I sit at the bar alone. It is a Tuesday. It isn’t late, it isn’t early. The sun has been hanging around later these days, yet the wind is still at war with the warmth, so I take my jacket out with me to smoke.
A man is there, speaking English into his phone. Something about an apology. He puts two fingers to his lips, looking my way. I pass him a cigarette. He cringes as he places it in his mouth as though he’s taken it from the lit end. He turns away.
I find him later, in the bar, also alone.
“Hey man,” I say. He gives me a funny look.
“You’re American?” he asks.
“You like Trump?”
I sigh. “Honestly don’t care.”
He frowns. “That’s worse.”
“Oh well. You?”
“Do I like trump?”
“No, where are you from?”
He seems to think about it a moment.
“England,” he decides. He doesn’t sound English.
“Mind if I?”
He takes his jacket off the chair beside him. I sit.
“So,” he says, “why don’t you care about trump–ah!”
His face jolts into a grimace.
I lean away, confused.
“Sorry,” he mumbles. He taps his neck. I look and notice a thin strip of metal around it.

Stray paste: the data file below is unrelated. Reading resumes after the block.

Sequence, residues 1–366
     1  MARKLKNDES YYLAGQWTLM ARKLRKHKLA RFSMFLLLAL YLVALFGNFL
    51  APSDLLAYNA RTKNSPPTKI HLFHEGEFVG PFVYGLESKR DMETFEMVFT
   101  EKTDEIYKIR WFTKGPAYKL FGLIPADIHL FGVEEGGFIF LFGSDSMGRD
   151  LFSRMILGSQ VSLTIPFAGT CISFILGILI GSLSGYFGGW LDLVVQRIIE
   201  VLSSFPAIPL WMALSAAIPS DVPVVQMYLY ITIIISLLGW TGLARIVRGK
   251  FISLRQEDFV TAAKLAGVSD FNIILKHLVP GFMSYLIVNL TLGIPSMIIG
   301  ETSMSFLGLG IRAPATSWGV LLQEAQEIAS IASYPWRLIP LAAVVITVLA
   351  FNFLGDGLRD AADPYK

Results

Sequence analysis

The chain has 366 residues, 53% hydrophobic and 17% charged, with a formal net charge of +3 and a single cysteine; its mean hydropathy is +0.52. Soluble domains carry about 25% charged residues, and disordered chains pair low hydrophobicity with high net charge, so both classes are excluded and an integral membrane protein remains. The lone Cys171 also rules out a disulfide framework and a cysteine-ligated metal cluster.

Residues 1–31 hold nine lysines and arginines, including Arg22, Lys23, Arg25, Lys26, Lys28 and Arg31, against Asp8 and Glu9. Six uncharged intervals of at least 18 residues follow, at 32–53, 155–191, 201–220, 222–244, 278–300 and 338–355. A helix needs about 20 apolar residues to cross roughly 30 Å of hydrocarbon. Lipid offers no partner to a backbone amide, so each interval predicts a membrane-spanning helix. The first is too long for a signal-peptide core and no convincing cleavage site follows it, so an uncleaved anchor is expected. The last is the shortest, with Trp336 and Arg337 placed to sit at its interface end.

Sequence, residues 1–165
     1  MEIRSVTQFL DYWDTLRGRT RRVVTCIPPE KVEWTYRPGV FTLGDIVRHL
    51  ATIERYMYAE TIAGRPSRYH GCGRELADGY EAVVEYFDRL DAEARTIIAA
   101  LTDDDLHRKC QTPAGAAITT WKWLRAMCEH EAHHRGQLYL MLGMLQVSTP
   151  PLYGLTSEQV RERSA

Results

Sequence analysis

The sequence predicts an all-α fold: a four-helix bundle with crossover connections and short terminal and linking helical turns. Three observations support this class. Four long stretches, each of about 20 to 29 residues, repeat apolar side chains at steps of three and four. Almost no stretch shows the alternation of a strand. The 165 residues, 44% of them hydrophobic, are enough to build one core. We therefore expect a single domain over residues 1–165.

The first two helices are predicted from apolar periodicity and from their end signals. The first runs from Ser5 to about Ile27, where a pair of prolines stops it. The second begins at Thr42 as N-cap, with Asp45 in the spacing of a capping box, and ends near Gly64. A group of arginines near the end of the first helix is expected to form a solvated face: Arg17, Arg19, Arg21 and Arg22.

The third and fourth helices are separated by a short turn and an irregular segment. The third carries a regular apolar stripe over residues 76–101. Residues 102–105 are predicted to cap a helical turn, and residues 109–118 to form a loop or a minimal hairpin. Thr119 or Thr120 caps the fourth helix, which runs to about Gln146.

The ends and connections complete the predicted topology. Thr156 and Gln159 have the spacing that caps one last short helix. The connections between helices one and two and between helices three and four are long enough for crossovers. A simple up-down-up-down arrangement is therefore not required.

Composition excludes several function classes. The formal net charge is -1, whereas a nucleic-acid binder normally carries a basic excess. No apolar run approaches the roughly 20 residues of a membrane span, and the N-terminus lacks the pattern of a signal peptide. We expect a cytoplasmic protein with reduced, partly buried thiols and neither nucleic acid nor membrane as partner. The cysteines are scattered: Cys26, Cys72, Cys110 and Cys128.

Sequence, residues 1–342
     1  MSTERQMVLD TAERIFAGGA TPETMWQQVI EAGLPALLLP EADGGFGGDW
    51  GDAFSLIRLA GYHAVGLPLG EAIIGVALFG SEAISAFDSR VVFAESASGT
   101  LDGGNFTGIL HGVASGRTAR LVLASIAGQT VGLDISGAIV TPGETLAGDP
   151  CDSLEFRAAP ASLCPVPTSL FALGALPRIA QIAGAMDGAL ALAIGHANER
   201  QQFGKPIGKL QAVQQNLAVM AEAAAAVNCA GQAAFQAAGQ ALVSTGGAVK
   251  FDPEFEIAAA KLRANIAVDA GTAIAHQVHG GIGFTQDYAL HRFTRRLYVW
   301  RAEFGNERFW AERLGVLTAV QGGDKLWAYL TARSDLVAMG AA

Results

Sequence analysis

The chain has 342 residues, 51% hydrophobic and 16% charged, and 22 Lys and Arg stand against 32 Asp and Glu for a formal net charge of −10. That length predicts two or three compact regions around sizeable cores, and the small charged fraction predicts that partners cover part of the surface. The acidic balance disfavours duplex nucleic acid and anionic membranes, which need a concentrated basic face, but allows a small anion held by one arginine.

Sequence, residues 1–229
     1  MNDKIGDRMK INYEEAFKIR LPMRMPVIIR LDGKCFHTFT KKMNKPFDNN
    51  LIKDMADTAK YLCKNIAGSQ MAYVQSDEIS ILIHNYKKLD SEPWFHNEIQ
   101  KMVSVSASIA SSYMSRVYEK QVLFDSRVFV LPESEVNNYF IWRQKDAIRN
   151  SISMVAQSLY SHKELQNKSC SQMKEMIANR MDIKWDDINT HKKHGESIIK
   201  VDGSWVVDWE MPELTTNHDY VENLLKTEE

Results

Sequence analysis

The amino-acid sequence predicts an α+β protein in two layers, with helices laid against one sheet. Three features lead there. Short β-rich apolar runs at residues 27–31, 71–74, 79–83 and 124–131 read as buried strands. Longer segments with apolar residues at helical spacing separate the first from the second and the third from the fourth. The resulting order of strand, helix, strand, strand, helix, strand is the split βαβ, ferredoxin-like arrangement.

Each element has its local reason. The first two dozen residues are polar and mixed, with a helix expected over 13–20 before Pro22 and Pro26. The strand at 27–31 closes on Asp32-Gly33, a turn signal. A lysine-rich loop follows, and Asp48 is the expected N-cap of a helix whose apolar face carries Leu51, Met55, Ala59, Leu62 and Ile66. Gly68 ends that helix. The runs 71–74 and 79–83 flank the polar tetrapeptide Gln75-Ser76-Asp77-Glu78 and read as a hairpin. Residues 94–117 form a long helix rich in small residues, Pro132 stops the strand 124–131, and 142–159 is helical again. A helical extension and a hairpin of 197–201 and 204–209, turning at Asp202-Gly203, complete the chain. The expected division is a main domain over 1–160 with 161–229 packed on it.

“What the hell is that?”
He slips a finger under it, itching. “Drunk collar,” he says, as though it is a thing.
“You haven’t heard of them?”
I shake my head.
“Ah, well, you take them out when you go drinking. You can program them to shock you whenever you do something you wouldn’t normally do sober.”
He laughs. “No, I know, it sounds absurd. My wife got me hooked on it. It helps. You make more friends, and when you do, you keep them.”
I look at the collar again. It doesn’t look too fancy.
“How do you program it?” I ask.
He pulls out his phone.
“There is an app.” He turns the phone to me. “This is my list.”
eating chicken wings past 10PM
touching female strangers
arguing about politics
He puts his phone back in his pocket before I can finish the list.
“Anyways, it’s a long one.”
“But really man, how could you people elect Trump–AH,” he grits through the pain.
I shy away from him a bit. “Look, I don’t like talking about politics, like, ever. And, well, you seem to know it’s a bad idea.”
He shakes his head, knocking away the pain. “My wife made this list with my damn mother-in-law,” he growls.
He seems to calm down a bit.
“It’s fine. I just don’t understand you Americans.”
I shrug. “You don’t have to. Not sure we do.”
He takes his drink down in one.
“I’m off to piss,” he says. Then his face twists into knots.
“Not right here!” he cries at his collar. It calms down, he sighs and heads for the bathroom.